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1 October 2017

Picture House: 100 Years of Horror

The Albany Picture House: 100 Years of Horror 

You won’t remember this, but you’ve probably seen it in the archives: a Silent Movie with a live orchestra playing the soundtrack.

You can enjoy this amazing experience for yourself on Halloween Night when the classic black and white film “Nosferatu” closes our season celebrating “100 Years of Horror” with a live orchestral accompaniment to this chilling iconic masterpiece.. We are showing a classic every Tuesday night in October, including three films with local links. We are offering a “season ticket” that lets you see all five films on offer for just £5 each (saving £9).

SEASON TICKET
ALL FIVE FILMS FOR
JUST £5 EACH (SAVE £11)

A GIRL WALKS HOME ALONE AT NIGHT (1976)
Tue 3 Oct - 7.30pm

With a title that sends a shiver down the spine, A Girl Walks Home Alone At Night depicts a mysterious girl, clad in a chador, who quenches her ravenous thirst for blood amongst the crime-ridden streets and communities of an industrial town. One day she encounters Arash, a hardworking young man who cares for his addict father and is being harassed by local criminals. Original and understated, this stylish and atmospheric modern vampire story adds real bite to our season. Filmed in Persian with subtitles.

THE OMEN
(1976)
Tue 10 Oct - 7.30pm

I was petrified by this film when I first saw it. It features the late Coventry-born Billie Whitelaw who terrifies in the role of an evil nanny. Baby Damien is secretly adopted by the wealthy American ambassador (Gregory Peck) when his own is stillborn, a feat he manages without his wife’s knowledge (Lee Remick). Some years later a series of mysterious deaths afflicts the family and ominous warnings from a local priest lead the ambassador to question whether it is possible that Damien could be demonic. With its overblown choral score and elaborate set-piece deaths, The Omen went on to influence many future horror films.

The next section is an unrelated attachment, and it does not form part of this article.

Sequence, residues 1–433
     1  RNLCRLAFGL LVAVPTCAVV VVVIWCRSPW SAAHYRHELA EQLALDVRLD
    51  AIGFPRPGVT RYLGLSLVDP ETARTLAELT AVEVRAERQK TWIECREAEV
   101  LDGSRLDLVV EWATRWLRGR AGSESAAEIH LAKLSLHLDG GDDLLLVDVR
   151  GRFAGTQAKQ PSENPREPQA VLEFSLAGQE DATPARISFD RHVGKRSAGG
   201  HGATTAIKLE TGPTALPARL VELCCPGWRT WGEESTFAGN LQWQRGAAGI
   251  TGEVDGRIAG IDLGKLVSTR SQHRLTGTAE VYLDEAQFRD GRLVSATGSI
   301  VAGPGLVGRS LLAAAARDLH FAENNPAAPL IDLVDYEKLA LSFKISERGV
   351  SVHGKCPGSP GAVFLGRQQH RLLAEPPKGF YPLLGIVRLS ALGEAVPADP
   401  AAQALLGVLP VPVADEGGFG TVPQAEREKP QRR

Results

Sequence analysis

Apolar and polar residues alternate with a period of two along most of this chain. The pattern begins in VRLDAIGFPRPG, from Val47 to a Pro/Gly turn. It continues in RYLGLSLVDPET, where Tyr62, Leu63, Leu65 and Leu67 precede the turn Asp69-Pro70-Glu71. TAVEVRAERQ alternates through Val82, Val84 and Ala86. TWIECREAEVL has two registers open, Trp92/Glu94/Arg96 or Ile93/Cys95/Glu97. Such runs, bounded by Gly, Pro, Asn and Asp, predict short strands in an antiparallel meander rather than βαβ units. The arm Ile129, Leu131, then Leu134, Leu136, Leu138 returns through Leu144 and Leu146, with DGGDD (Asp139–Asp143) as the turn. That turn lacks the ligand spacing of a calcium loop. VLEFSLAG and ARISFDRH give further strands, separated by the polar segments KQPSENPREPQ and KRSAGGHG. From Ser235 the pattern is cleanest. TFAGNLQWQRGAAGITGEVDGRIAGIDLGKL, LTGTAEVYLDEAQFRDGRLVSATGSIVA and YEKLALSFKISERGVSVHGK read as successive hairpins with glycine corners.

THE HAUNTING (1963)
Tue 17 Oct - 7.30pm

The exterior location for the allegedly haunted house was filmed at Ettington Park in Warwickshire. When a group of people are invited by a paranormal investigator to stay, any scepticism about the supernatural soon turns into fear in this incredibly scary adaptation of “The Haunting of Hill House” by Shirley Jackson.  Directed by Robert Wise, this is psychological horror at its finest.  You might wish to hold hands with the person you are sitting next to . . . even if you’ve never met before!

DRACULA: PAGES FROM A VIRGIN’S DIARY (2002)
Tue 24 Oct - 9pm (note late start)

A unique horror adaptation of Bram Stoker's “Dracula”, which is unlike anything you've ever seen. A visual treat by Canadian director Guy Maddin, which recalls the early expressionist films, this silent epic featuring music by Mahler takes the form of a ballet with undead horrors amidst the sumptuously shot dance. Why this choice? Well, it’s a great film of course but it fits into our programme perfectly: first, we’re showing this in the week that Ballet Theatre UK premieres their new production of “The Little Mermaid”, and second – well spot the link yourself . . .

NOSFERATU (1922) WITH LIVE ORCHESTRAL ACCOMPANIMENT

One of horror cinema's most iconic films, this unauthorised silent expressionist version of Dracula features artistic cinematography and chilling scenes.  When the hideous vampire Count Orlok relocates to a new residence he becomes fascinated by his estate agent Hutter's wife.

This wonderfully macabre and highly influential film is presented with live orchestral accompaniment. The composer, Philip McConnell, a Coventry kid now based in Canada, was Artistic Director of the Canadian Sinfonietta and then composer-in-residence with the Toronto Sinfonietta in 2003. He has brought together a talented group of local musicians from Orchestra Da Camera to bring his 2006 score to life.

We start our evening at 7.30 pm with a showing of the Edison Studios’ short film  “Frankenstein”, written and directed by J. Searle Dawley in 1910. Then Philip will present extracts from his score, with commentary and explanation. After a short interval, it’s on to the screening of Nosferatu.

 

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